Women big part of Army history, future
March 10, 2011
FORT JACKSON, S.C. -- As most of you know, March is Women's History Month and we have a super program here at Fort Jackson to support and acknowledge this.
According to the latest available statistics, women serve in 91 percent of all Army occupations and make up roughly 14 percent of active duty Soldiers. In the Army Reserve, the number jumps to roughly 24 percent and in the National Guard, women represent 14 percent. These statistics represent significant progress in our Army in terms of equal employment opportunity.
Here are some interesting facts showing how women's roles are increasing:
- Before the 1994 Department of Defense assignment rule, 67 percent of the positions in the Army were open to women. At present, 70 percent of the positions in the Army are open to women, and women serve in 91 percent of all Army occupations.
- An increasing proportion of senior-level active duty and DoD positions is being filled by women. The percentage of female Army officers who are active duty and in grades O-4 and above increased from 11.5 percent in 1995 to 13.3 percent in 2009.
- The same holds true for active duty women in grades E-7 through E-9, who went from 8.3 percent in 1995 to approximately 10.8 percent as of 2009. In the grades GS-13 through senior executive service, the percentage of women increased significantly from 18.9 percent in 1995 to roughly 31 percent as of two years ago.
One of the most important facts that relates directly to our primary mission at Fort Jackson is that more than 60 percent of the women enlisting in our Army receive their Basic Combat Training right here at Fort Jackson. That's a pretty impressive statistic.
As I mentioned, this past week the Army began a monthlong observance of Women's History Month. On Monday, Fort Jackson held its annual luncheon, focused on the theme "History is Our Strength." Speaking of history, one footnote I'll point out is that if you are ever at Fort Lee, Va., visit the U.S. Army Women's Museum. The museum traces women's contributions from the late 1700s to the present, telling many fascinating stories with informative, interactive exhibits and videos.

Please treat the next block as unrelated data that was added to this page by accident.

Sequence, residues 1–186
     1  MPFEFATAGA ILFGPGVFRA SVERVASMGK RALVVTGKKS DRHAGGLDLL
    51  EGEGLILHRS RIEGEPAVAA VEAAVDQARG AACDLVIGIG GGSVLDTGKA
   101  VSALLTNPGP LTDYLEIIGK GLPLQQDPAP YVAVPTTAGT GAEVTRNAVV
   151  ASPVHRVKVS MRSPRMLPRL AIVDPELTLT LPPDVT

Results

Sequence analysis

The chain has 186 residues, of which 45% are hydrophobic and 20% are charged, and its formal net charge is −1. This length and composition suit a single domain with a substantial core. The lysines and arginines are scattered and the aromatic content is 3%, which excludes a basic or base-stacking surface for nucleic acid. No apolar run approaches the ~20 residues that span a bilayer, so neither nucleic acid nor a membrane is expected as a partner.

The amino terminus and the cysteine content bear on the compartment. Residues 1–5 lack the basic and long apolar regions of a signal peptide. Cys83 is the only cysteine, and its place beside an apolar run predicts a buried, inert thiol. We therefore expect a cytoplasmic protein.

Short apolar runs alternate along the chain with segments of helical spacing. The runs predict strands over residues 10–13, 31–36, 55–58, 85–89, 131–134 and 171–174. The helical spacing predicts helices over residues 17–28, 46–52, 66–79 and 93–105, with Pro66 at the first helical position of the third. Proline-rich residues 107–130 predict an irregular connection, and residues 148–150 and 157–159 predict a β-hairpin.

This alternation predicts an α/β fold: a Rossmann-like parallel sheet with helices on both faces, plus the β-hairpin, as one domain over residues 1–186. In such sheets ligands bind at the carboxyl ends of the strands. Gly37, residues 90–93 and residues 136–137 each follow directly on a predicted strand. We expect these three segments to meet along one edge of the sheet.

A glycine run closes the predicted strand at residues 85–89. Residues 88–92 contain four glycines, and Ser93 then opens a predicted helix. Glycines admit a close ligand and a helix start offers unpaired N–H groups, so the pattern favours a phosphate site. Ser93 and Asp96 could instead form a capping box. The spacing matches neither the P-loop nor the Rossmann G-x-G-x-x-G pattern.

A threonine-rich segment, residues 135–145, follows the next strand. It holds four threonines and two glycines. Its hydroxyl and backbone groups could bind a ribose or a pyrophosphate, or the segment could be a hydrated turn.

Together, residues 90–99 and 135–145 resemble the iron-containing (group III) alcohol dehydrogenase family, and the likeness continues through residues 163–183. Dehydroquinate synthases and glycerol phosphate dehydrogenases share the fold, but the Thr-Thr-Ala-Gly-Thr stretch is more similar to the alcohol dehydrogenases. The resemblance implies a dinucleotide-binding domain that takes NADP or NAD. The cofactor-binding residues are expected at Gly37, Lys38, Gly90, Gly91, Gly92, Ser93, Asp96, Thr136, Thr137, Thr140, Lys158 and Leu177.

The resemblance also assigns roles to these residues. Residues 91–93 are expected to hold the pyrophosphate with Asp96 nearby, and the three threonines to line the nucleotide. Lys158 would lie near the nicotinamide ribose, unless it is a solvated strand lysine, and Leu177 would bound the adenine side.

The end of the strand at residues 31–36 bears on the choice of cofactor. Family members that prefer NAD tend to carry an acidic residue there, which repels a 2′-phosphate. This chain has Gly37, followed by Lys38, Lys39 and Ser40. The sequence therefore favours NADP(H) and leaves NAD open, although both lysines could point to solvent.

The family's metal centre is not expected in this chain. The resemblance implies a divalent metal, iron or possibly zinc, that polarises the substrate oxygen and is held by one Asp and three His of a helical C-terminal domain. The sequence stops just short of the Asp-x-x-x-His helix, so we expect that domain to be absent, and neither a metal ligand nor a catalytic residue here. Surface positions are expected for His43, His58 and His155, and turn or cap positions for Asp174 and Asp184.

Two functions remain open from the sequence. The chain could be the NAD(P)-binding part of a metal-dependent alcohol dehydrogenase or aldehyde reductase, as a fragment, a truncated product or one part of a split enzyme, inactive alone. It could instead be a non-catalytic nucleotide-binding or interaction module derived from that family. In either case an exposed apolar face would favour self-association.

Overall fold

Military service for women is a continuous journey, one that began back in the American Revolution, when Margaret Corbin - who was known as Capt. Molly - assumed the post of her husband after he was killed. Capt. Molly subsequently received the military pay she was due, and following her death, she was laid to rest at West Point.
During the American Civil War, women served as nurses, supply specialists, and even spies - while some of them disguised themselves as male Soldiers to actually engage in ground combat. Women were instrumental in organizing public relief efforts. They staffed government, hospitals and whatever else needed staffing. One woman even acted as an assistant surgeon tending to the wounded.
Women's contributions in the Army's medical field took center stage in the subsequent Spanish-American War. More than 1,500 nurses served with the Army in Cuba, Hawaii, Puerto Rico, as well as in many stateside hospitals. In World War I, women were enlisting everywhere - more than 12,000 served stateside, while overseas Army and Navy nurses, volunteers for the Red Cross and others were tending to the medical needs of our doughboys.
During World War II, approximately 400,000 women served in all the branches of service and in every theater. Some 460 women made the ultimate sacrifice, losing their lives, while nearly 100 military nurses were held as POWs. American military women's contributions were immense in the Korean and Vietnam eras as well, but it wasn't until the late 1960s that we saw the legal ceilings on women's promotions lifted. In 1970, we saw our first female general officer. Slightly more than five years later, women were permitted to enroll in the military service academies.
In 2008, we witnessed the promotion of the Army's first four-star general when former President George W. Bush tapped Ann E. Dunwoody, then a lieutenant general, to serve as head of Army Materiel Command. Today, military women are serving in all types of positions. They number almost more than 350,000 strong across the Armed Forces - active duty, the Guard and Reserves. In 2010, Brig. Gen. Colleen L. McGuire became the first female provost marshal general of the Army and also took command of the Army's Criminal Investigation Command. Closer to home, in the fall of 2009 we witnessed a major Army milestone for women when Command Sgt. Maj. Teresa King became the first female commandant of the Drill Sergeant School here.
I hope to see many of you at our events celebrating Women's History month. All of our service members are important to our Army mission and this month the emphasis is on acknowledging and celebrating the contributions of our wonderful female officers, noncommissioned officers, Soldiers and civilians, all of whom enable us to stay Army Strong! Thank you for your service.
Victory Starts Here!